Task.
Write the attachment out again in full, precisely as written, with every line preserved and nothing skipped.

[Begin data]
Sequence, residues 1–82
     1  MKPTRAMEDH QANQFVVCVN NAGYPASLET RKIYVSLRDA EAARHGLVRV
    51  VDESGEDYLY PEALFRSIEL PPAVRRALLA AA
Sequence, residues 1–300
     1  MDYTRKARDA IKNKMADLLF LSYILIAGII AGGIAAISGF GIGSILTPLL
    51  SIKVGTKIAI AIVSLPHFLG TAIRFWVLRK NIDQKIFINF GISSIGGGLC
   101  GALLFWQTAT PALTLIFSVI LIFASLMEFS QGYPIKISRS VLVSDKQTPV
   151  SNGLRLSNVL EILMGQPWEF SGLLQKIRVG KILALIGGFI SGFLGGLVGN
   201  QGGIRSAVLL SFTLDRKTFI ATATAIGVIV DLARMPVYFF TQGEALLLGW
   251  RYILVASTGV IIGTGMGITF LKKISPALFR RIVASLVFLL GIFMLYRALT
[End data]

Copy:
Sequence, residues 1–82
     1  MKPTRAMEDH QANQFVVCVN NAGYPASLET RKIYVSLRDA EAARHGLVRV
    51  VDESGEDYLY PEALFRSIEL PPAVRRALLA AA
Sequence, residues 1–300
     1  MDYTRKARDA IKNKMADLLF LSYILIAGII AGGIAAISGF GIGSILTPLL
    51  SIKVGTKIAI AIVSLPHFLG TAIRFWVLRK NIDQKIFINF GISSIGGGLC
   101  GALLFWQTAT PALTLIFSVI LIFASLMEFS QGYPIKISRS VLVSDKQTPV
   151  SNGLRLSNVL EILMGQPWEF SGLLQKIRVG KILALIGGFI SGFLGGLVGN
   201  QGGIRSAVLL SFTLDRKTFI ATATAIGVIV DLARMPVYFF TQGEALLLGW
   251  RYILVASTGV IIGTGMGITF LKKISPALFR RIVASLVFLL GIFMLYRALT